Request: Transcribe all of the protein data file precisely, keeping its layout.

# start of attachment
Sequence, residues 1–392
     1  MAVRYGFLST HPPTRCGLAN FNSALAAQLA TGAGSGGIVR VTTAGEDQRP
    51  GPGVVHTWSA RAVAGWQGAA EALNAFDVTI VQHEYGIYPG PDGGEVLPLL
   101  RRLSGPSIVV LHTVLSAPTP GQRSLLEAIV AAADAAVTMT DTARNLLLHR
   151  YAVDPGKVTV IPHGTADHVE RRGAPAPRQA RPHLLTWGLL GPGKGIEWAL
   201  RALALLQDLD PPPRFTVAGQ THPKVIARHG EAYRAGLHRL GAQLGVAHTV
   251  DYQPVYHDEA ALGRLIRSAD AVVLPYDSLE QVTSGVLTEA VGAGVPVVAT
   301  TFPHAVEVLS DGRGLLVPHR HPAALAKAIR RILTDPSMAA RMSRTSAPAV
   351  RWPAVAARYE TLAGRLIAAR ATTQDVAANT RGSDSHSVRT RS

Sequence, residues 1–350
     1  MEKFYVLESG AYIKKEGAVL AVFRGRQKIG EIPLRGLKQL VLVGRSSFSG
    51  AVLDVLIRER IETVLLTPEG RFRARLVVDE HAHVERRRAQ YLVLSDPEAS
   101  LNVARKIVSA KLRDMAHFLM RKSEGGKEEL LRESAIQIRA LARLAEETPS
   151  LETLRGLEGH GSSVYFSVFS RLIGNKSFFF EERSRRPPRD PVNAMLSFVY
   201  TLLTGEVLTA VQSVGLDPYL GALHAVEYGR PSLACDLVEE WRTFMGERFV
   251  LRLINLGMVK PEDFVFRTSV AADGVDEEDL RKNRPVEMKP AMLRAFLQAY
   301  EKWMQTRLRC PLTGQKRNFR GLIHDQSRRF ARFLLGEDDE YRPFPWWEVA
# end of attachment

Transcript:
Sequence, residues 1–392
     1  MAVRYGFLST HPPTRCGLAN FNSALAAQLA TGAGSGGIVR VTTAGEDQRP
    51  GPGVVHTWSA RAVAGWQGAA EALNAFDVTI VQHEYGIYPG PDGGEVLPLL
   101  RRLSGPSIVV LHTVLSAPTP GQRSLLEAIV AAADAAVTMT DTARNLLLHR
   151  YAVDPGKVTV IPHGTADHVE RRGAPAPRQA RPHLLTWGLL GPGKGIEWAL
   201  RALALLQDLD PPPRFTVAGQ THPKVIARHG EAYRAGLHRL GAQLGVAHTV
   251  DYQPVYHDEA ALGRLIRSAD AVVLPYDSLE QVTSGVLTEA VGAGVPVVAT
   301  TFPHAVEVLS DGRGLLVPHR HPAALAKAIR RILTDPSMAA RMSRTSAPAV
   351  RWPAVAARYE TLAGRLIAAR ATTQDVAANT RGSDSHSVRT RS

Sequence, residues 1–350
     1  MEKFYVLESG AYIKKEGAVL AVFRGRQKIG EIPLRGLKQL VLVGRSSFSG
    51  AVLDVLIRER IETVLLTPEG RFRARLVVDE HAHVERRRAQ YLVLSDPEAS
   101  LNVARKIVSA KLRDMAHFLM RKSEGGKEEL LRESAIQIRA LARLAEETPS
   151  LETLRGLEGH GSSVYFSVFS RLIGNKSFFF EERSRRPPRD PVNAMLSFVY
   201  TLLTGEVLTA VQSVGLDPYL GALHAVEYGR PSLACDLVEE WRTFMGERFV
   251  LRLINLGMVK PEDFVFRTSV AADGVDEEDL RKNRPVEMKP AMLRAFLQAY
   301  EKWMQTRLRC PLTGQKRNFR GLIHDQSRRF ARFLLGEDDE YRPFPWWEVA